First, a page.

Drone Laws: What You Need to Know

What are the existing drone laws, and why do you need to be aware of them?

Eric Escobar
4-minute read
Episode #189

All of this to say that there aren’t many existing laws surrounding drones. The main agency in charge of making decisions when it comes to drones is the FAA or Federal Aviation Administration. As of now, you do not need FAA approval to fly a drone for recreational use as long as you stay under 400 ft. There’s also a nationwide law that prohibits any drone from being flown in a national park.

The FAA has begun to outline other guidelines for flying drones, such as speed (they must fly slower than 100 mph), eyesight of the operator, proximity to pedestrians, and weight (less than 55 lbs). These issues are not yet true laws, but may soon come into effect.

But there are regional laws that prohibit certain activities with drones. Note that I’m only going to mention a few, so check with your local law enforcement agency if you want to know more. In my current home of California, it is against the law to take pictures of anyone who would normally have the expectation of privacy (say in a backyard). It’s also against the law to take a picture where a person would have been trespassing.

In Colorado, it’s against the law to use drones for hunting. In Connecticut and Wisconsin, it’s a felony to mount a weapon to a drone, and in Alabama, drones cannot be used to harass fishermen or hunters. In both Texas and Tennessee, it is against the law to perform surveillance on property that is not yours.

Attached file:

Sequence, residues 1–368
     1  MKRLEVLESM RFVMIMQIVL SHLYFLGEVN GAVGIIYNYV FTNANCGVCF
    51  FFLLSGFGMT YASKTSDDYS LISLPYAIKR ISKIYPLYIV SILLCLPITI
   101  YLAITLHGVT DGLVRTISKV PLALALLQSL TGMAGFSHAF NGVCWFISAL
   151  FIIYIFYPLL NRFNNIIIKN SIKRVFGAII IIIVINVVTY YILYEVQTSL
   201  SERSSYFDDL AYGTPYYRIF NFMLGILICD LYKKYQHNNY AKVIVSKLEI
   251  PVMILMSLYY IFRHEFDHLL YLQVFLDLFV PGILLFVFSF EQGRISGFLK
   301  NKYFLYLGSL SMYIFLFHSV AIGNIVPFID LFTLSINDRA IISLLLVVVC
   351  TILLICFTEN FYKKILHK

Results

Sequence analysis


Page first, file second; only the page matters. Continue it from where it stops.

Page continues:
Now that drones have become so popular, many people are using them for commercial uses. In the beginning this was mostly for photography, although drones can be used for inspections of hard to reach places such as large wind turbines, radio towers, and even for home inspections and real estate deals. Drones are even being used in agriculture to check on crop conditions. What’s really interesting is that you are not allowed to fly a drone in the US without special permission from the FAA if you intend to do so for business.

Take the following scenario. A farmer can fly a drone over his orchard for fun, but if uses what he sees (say crop damage in a particular area) for business decision making, then it’s technically illegal. In order to fly a drone for commercial purposes you need to get an allowance from the FAA. I believe the government is having a hard time keeping up with the sudden explosion of drone usage.

It will be really interesting to see how companies like Amazon and Google use drones for their business uses. Amazon has made statements on using drones for instant deliveries, but it’s really too soon to see if that will be viable from a business point of view.

For more information on commercial flying of drones, and for some rock solid guidelines for flying your drone, check out the following links:



Now I really want to hear from you. Have you ever flown a drone? Are you creeped out by drones? What laws do you think should govern drones? I’d love to hear what you think so please post on my Facebook Page.

Well, that’s it for today! Be sure to check out all my earlier episodes at techtalker.quickanddirtytips.com. And if you have further questions about this podcast or want to make a suggestion for a future episode, post them on Facebook.com/QDTtechtalker.

Until next time, I’m the Tech Talker, keeping technology simple! 

Image courtesy of Shutterstock.


About the Author

Eric Escobar

Tech Talker demystifies technology and cutting edge devices so that even the most tech illiterate can understand what's going on with their computer or gadget — and what to do when something goes wrong.

You May Also Like...

The Quick and Dirty Tips Privacy Notice has been updated to explain how we use cookies, which you accept by continuing to use this website. To exercise your choices about cookies, please see Cookies and Online Tracking.